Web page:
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Frontiers March 2013 Issue

companies that have the ability to transport large equipment, such as jet engines,” said Daniel Yoo, freight category leader with Supplier Management. “We partner with Supply Chain Logistics to ensure we select the right supplier so products arrive undamaged and on time, and we get the best value for Boeing.” As Boeing looks for ways to improve its competitiveness, the Supplier Management organization is undergoing a transformation and changing the way it does business to become even more efficient—and get the best value for the company. These changes include reducing the number of suppliers with which Boeing does business. Boeing purchases fall into two types: items that are a part of the Boeing prod-ucts that get delivered to customers, and the items and services that help move Boeing products out the door to custom-ers. Supplier Management purchases the latter, known as non-production goods and services. The 275 employees in Supplier Management purchase such things as factory tooling equipment, safety gear for employees, information technology software used on Boeing computers, hand tools—even the pens Boeing employees use every day. Purchasing all of Boeing’s non- production goods and services is a big job that involves the efficient management of billions of dollars in annual company spending. Using an approach known as Strategic Contracting & Category Management, purchases are grouped into categories— IT applications and hardware, freight, facilities services, travel, and maintenance, repair and operating supplies. Category leaders are responsible for bringing together employees from various Boeing organizations to create a purchasing strategy for their area. Together, they analyze data and determine what to buy from the more than 30,000 suppliers in Boeing’s database, based on the needs of the company. Once a decision is made, the team has several purchasing methods to get the best possible price for Boeing. Today, almost 80 percent of Boeing’s contracted spending is done through competitive bidding—an increase of nearly 30 percent over one year ago. In the past year, the IT category team has been able to significantly reduce costs for the company by going to market as “One Boeing.” “By working together as one company instead of as fragmented groups, the team was able to consolidate our contracts and receive enterprise volume discounts,” said Delores Alexander, IT leader for Supplier Management. “Approaching our suppliers as One Boeing allows us to leverage savings, improve quality and be more efficient.” Supplier Management will begin imple-menting another phase of its strategy this year—reducing the number of suppliers doing business with Boeing. For example, the Maintenance, Repair and Operating supplies category has thousands of suppliers. But 90 percent of Boeing’s purchasing is with only 10 percent of them. Bobby Fales, the category leader for operating supplies, explained the need for streamlining. “Approaching our suppliers as One Boeing allows us to leverage savings, improve quality and be more efficient.” – Delores Alexander, IT leader for Supplier Management “We currently have 200 screwdrivers in our online catalog,” he explained. “By reducing the number of items available for ordering, we make it easier and faster for employees to find what they need.” Doing business with fewer vendors helps Boeing build relationships with suppliers, so they become partners, working together to reduce costs from sourcing to delivery to the internal use of non-production goods. When it comes to getting airplane engines delivered on time, working with fewer, key suppliers has other advantages, Yoo said. “We’ve designated some suppliers as ‘core carriers,’ which means they have the right equipment and skilled drivers to safely transport Boeing goods,” Yoo said. “In turn, these core carriers can invest more in their business with the confidence that Boeing wants—and needs—them to succeed.” n antonella.bellman@boeing.com PHOTOS: (Above left) A forklift purchased through Supplier Management makes it easy to transport an engine into the Everett, Wash., factory for assembly onto a Boeing 777. GAIL HANUSA/BOEING (Right) Jack Stendahl, left, and Gil Molinari, both with Propulsion Systems in Commercial Airplanes, load an engine into an engine buck purchased through Supplier Management. An engine buck is used to move the engine in the factory to the production line so it can be installed on a 737. MARIAN LOCKHART/BOEING 34 BOEING FRONTIERS / MARCH 2013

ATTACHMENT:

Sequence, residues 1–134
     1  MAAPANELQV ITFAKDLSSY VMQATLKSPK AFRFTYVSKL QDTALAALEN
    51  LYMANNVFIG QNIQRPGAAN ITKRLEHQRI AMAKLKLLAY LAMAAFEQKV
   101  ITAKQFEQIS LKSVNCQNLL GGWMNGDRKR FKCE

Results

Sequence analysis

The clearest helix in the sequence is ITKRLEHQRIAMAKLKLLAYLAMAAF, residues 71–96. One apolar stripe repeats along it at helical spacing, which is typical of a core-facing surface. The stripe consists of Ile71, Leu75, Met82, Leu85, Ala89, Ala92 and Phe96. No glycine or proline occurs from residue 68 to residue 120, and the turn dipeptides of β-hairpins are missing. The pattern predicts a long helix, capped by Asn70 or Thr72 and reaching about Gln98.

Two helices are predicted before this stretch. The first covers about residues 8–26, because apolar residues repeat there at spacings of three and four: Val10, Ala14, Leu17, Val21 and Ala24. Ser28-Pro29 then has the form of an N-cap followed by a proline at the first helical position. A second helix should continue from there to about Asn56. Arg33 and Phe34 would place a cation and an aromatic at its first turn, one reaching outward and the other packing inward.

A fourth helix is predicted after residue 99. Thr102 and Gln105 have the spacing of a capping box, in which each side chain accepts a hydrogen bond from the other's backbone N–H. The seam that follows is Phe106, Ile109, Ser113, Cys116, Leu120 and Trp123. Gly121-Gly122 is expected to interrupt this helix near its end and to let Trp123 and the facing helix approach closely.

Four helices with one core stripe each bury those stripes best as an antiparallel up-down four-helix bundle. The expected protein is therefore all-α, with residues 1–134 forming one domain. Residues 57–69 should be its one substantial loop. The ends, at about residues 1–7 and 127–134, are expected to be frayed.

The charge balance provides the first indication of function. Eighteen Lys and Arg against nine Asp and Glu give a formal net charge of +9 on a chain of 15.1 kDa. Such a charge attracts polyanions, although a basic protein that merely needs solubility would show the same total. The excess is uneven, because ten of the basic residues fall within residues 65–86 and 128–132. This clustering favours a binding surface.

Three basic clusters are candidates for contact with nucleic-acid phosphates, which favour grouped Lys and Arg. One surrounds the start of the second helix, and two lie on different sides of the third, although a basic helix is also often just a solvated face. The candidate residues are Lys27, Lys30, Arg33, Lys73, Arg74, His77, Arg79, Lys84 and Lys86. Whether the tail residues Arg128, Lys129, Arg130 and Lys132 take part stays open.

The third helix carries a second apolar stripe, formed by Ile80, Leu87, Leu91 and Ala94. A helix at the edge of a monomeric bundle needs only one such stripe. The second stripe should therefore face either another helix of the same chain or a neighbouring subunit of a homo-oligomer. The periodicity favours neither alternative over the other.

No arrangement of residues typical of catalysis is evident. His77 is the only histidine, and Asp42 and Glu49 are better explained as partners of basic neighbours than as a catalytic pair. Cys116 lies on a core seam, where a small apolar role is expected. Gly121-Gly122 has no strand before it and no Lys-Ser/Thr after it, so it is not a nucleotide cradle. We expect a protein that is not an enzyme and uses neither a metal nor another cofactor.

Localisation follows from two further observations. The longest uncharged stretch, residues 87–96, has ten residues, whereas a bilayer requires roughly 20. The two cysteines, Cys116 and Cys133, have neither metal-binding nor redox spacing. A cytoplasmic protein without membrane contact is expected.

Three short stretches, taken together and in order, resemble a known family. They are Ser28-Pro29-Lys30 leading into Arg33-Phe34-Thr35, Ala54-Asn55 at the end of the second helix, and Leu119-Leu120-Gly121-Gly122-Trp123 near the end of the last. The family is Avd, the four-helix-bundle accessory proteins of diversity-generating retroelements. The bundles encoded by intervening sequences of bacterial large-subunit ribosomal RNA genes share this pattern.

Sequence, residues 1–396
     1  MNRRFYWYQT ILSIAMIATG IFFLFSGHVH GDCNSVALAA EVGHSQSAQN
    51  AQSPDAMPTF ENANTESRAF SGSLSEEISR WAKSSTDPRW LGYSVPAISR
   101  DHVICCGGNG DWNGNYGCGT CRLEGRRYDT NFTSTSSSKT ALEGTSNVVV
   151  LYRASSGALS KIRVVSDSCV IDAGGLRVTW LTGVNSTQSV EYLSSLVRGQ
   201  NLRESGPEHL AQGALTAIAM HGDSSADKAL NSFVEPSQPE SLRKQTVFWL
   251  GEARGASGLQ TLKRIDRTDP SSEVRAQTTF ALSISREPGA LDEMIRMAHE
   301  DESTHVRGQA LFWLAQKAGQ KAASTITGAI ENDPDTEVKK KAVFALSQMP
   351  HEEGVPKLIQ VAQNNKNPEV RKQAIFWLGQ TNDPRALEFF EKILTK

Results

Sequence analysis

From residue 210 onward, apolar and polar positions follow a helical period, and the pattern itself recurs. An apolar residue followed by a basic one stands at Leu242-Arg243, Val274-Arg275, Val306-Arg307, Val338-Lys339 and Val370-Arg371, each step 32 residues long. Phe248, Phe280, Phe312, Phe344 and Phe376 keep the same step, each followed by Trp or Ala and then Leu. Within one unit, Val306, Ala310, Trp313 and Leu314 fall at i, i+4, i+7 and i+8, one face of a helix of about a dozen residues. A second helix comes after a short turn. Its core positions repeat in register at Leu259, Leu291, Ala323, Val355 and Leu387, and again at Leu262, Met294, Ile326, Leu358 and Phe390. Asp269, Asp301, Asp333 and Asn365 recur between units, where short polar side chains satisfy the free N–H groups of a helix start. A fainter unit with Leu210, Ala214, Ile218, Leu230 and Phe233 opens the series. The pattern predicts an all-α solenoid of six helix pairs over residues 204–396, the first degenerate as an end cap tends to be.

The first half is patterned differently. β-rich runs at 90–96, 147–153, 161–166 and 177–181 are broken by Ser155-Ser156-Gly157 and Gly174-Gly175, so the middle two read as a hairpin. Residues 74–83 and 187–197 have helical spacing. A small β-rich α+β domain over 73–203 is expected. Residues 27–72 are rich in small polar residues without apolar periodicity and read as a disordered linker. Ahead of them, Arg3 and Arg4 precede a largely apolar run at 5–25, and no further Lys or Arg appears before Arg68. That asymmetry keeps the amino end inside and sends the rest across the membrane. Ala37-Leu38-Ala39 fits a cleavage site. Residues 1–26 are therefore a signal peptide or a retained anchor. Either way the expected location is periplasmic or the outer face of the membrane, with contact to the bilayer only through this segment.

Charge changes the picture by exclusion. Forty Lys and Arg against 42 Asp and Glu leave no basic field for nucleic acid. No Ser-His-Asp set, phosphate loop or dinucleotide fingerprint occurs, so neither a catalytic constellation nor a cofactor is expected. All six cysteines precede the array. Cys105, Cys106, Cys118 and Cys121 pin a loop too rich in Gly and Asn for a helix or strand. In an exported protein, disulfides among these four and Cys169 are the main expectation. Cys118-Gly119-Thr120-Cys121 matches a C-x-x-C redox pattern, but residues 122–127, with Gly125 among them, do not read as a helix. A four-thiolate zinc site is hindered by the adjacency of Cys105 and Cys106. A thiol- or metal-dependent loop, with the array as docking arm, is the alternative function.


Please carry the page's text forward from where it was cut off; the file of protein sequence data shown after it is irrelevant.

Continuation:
Frontiers March 2013 Issue
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